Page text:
Lawsuit Settlement Will Help Reunite Refugee Families

By Sharon Samber,

Lawsuit Settlement Will Help Reunite Refugee Families

Afkab Mohamed Hussein, a resettled refugee from Somalia, hopes to be reunited with his wife and son, following a settlement in a lawsuit filed by HIAS affiliates in 2017 which challenged the third version of a ban on certain refugees entering the U.S.

(Church World Service)

This week the U.S. government entered into a major settlement with plaintiffs in Jewish Family Service v. Trump, a lawsuit filed in 2017 which challenged the third version of a ban on certain refugees entering the United States. The ban set back scores of refugees who were on the brink of resettlement to the United States, miring their cases in delays for more than two years. 

This settlement requires the government to expedite the refugee resettlement applications of over 300 refugees who were affected by the ban.

“We appreciate the hope and real results that this settlement brings to our refugee clients who have lived with unimaginable worry about their relatives who haven’t been able to join them,” said Mindy Berkowitz, Executive Director of Jewish Family Services of Silicon Valley, a HIAS affiliate and plaintiff in this case. “Reuniting these families is a beautiful way to bring joy to these families.”

Jewish Family Service v. Trump was brought on behalf of two HIAS affiliates, Jewish Family Service of Seattle and Jewish Family Services of Silicon Valley, along with nine individual plaintiffs. HIAS and the International Refugee Assistance Project, with legal representation from the ACLU and the National Immigration Law Center, filed the lawsuit challenging the constitutionality of President Trump’s executive order of October 24, 2017. The order blocked for at least 90 days refugee resettlement from 11 countries and indefinitely paused the follow-to-join program, which reunites spouses and children with refugees already in the United States. 

“We are pleased to have reached a settlement that will reunite some of the refugee families who were kept apart by the refugee ban,” said HIAS CEO and President Mark Hetfield. “At the same time, we are deeply saddened to have had to sue the United States government, which was once a leader in refugee resettlement, just to get it to live up to basic legal commitments to those refugees who have played by the rules to come here legally."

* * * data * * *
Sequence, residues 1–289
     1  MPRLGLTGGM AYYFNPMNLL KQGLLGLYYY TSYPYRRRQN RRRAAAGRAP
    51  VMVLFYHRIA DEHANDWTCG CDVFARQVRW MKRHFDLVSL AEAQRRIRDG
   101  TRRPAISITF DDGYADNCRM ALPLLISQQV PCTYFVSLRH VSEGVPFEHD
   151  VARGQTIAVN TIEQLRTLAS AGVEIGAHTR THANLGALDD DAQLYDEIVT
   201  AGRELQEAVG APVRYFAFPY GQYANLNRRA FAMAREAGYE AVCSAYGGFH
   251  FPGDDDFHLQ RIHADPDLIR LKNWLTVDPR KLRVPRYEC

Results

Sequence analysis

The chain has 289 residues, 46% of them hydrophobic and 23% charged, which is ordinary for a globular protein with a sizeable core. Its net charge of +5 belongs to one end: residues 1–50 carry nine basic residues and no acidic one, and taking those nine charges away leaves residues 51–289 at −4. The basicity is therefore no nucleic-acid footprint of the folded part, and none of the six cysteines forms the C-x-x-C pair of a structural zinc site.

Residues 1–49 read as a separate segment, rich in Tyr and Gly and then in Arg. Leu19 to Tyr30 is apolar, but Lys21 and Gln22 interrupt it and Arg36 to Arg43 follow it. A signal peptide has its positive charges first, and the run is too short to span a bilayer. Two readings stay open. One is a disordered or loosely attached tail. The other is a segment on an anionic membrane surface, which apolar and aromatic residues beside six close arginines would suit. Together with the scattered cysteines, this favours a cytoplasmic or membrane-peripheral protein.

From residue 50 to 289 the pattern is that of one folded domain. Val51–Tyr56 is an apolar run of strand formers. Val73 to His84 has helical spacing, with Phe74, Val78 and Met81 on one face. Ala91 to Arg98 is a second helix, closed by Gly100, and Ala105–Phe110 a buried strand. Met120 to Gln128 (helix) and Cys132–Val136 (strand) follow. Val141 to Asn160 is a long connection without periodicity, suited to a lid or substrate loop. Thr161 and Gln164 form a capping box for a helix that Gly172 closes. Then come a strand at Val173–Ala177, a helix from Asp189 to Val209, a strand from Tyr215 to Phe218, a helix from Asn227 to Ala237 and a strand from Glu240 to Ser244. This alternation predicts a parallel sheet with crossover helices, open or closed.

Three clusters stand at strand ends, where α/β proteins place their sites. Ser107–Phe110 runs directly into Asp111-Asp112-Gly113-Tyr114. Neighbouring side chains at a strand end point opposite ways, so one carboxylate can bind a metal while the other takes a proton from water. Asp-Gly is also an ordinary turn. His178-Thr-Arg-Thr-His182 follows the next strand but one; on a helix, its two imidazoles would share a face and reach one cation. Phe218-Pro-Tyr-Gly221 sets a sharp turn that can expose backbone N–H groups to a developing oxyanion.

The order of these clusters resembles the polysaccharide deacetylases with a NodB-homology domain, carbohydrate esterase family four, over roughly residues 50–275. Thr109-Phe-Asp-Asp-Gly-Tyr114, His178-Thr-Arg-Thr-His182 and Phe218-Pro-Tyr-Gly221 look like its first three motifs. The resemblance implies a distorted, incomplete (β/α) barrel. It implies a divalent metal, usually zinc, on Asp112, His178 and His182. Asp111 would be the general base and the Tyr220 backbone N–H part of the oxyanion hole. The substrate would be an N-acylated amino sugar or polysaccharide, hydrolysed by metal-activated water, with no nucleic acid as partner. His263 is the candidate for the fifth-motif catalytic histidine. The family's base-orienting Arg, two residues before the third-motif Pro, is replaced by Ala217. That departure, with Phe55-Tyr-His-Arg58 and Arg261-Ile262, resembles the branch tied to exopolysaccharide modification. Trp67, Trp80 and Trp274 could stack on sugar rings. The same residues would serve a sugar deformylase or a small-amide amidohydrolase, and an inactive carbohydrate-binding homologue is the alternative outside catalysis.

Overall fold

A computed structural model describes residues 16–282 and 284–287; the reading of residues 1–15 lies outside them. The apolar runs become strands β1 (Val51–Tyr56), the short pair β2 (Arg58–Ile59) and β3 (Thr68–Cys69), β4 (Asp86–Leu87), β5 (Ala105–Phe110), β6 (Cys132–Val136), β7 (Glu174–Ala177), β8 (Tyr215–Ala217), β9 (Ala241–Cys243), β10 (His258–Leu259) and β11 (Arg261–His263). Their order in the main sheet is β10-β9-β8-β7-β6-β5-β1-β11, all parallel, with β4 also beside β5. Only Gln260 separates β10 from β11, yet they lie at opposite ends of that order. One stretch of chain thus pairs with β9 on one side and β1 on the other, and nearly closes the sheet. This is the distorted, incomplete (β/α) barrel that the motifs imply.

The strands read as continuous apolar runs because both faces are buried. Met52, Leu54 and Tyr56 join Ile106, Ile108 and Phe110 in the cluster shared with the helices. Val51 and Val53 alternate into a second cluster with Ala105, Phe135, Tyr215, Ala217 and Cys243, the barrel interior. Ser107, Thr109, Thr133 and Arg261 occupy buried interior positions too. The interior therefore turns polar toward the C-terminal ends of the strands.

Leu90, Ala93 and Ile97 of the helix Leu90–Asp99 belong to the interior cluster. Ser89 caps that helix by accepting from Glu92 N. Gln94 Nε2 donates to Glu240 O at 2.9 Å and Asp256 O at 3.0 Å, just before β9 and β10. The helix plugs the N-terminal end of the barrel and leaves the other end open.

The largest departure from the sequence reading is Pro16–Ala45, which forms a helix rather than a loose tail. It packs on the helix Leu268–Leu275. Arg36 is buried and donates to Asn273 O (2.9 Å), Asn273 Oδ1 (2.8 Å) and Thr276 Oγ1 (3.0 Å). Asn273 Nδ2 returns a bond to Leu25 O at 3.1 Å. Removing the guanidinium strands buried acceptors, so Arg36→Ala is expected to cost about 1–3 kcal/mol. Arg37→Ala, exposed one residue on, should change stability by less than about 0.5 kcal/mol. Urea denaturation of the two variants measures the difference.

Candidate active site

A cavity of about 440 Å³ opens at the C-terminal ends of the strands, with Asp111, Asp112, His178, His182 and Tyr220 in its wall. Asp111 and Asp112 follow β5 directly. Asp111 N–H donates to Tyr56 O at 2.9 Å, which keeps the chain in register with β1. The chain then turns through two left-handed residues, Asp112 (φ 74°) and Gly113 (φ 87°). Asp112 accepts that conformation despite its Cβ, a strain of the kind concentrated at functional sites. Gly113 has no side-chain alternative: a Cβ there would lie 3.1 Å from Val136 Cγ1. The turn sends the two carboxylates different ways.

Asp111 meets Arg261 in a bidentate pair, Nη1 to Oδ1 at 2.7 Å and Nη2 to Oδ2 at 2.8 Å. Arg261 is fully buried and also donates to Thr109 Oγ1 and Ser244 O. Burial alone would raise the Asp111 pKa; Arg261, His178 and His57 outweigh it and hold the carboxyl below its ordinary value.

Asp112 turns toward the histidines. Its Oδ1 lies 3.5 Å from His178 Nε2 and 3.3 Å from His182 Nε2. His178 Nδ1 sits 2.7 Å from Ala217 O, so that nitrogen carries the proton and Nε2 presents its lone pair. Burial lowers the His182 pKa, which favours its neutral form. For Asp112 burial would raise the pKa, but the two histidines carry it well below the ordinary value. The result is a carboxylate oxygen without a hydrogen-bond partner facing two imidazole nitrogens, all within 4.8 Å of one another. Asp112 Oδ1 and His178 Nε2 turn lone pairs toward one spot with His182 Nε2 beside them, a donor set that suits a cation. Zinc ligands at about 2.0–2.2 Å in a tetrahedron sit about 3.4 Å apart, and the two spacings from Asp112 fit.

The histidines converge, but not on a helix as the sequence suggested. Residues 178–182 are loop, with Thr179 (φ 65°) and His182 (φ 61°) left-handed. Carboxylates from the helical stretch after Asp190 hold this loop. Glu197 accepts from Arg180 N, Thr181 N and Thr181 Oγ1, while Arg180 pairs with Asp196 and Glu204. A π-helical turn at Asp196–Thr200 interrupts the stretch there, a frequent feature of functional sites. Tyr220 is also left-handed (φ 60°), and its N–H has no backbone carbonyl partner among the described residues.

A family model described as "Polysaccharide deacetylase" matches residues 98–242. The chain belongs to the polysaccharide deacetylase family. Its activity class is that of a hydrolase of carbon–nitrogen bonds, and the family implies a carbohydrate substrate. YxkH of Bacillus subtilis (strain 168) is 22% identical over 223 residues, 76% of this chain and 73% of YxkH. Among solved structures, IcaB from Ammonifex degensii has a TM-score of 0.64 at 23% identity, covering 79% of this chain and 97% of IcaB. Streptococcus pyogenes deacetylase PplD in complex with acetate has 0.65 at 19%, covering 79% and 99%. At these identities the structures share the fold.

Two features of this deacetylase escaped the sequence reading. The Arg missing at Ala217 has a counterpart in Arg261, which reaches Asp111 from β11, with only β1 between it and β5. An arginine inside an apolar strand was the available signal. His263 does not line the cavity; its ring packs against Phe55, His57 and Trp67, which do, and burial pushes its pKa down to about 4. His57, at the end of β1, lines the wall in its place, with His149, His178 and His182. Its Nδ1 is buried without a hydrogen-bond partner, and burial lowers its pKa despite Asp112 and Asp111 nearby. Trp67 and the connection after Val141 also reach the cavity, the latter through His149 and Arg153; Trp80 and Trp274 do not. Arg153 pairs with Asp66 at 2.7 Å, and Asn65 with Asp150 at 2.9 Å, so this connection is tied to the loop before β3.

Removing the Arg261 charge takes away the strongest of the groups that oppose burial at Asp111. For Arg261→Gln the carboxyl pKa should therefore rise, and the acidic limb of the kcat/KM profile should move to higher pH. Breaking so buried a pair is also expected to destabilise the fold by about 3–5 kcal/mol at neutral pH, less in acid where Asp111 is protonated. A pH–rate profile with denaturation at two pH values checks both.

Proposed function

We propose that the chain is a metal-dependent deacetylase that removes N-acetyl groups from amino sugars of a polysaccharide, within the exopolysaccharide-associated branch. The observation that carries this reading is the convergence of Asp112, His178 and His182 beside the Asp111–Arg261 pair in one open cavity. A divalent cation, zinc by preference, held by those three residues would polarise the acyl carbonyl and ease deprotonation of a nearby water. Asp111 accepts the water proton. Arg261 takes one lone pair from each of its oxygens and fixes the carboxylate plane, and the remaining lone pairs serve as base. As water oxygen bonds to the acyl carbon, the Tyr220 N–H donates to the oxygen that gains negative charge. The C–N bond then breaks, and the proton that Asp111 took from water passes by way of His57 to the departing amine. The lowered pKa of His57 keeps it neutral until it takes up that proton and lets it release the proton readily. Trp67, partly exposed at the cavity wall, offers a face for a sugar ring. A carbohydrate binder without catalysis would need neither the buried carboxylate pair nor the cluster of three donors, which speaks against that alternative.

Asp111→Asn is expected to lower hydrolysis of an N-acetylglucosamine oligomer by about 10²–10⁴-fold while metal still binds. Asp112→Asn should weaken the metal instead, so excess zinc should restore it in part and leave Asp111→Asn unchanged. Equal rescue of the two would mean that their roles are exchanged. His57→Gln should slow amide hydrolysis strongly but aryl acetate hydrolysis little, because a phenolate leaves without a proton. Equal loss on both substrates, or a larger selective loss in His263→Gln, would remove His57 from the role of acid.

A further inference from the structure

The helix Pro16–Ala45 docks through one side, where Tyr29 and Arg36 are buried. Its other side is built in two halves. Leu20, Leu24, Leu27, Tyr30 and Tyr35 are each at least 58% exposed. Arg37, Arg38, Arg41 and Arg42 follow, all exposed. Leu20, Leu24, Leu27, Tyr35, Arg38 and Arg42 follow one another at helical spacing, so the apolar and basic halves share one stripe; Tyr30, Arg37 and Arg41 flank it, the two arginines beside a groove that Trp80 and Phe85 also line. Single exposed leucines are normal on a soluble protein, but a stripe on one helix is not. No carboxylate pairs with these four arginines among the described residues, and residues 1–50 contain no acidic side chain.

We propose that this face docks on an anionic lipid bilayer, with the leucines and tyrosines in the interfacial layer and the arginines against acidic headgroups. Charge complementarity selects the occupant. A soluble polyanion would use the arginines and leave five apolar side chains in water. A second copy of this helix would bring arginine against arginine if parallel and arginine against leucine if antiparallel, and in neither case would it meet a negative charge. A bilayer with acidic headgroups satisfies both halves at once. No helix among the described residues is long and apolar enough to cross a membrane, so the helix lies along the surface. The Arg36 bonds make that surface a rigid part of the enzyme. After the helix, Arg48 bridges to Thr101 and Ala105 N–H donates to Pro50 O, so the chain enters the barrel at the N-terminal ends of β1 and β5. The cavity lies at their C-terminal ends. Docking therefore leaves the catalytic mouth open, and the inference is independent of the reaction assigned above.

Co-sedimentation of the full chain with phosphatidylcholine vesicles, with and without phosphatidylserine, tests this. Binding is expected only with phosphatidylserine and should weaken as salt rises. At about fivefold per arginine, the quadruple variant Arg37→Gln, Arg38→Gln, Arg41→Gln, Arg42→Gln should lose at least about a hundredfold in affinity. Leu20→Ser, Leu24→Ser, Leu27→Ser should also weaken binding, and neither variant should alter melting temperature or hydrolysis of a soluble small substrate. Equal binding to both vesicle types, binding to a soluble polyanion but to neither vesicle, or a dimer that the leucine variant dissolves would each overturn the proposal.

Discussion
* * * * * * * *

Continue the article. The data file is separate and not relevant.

Afkab Mohamed Hussein, a resettled refugee from Somalia awaiting the arrival of his wife and son, said: “I believe this settlement is a great success for all refugees around the world, especially families who are separated. I am feeling very happy and hope to welcome my family in the best country in the world. I would like to ask the government to bring more people and reunite separated families and give a second chance to those in need, so they can find a better life.”

Importantly, any refugee benefitting from the settlement who will travel to the United States will be included in the total count of refugees admitted in fiscal year 2018, when the order was first issued and when the refugee should have arrived if processing had not been suspended. This ensures that slots will not be taken away from the 18,000 refugees that the Administration plans to resettle for fiscal year 2020, which is the lowest admissions goal that any president has ever set since the establishment of the U.S. Refugee Admissions Program in 1980. 

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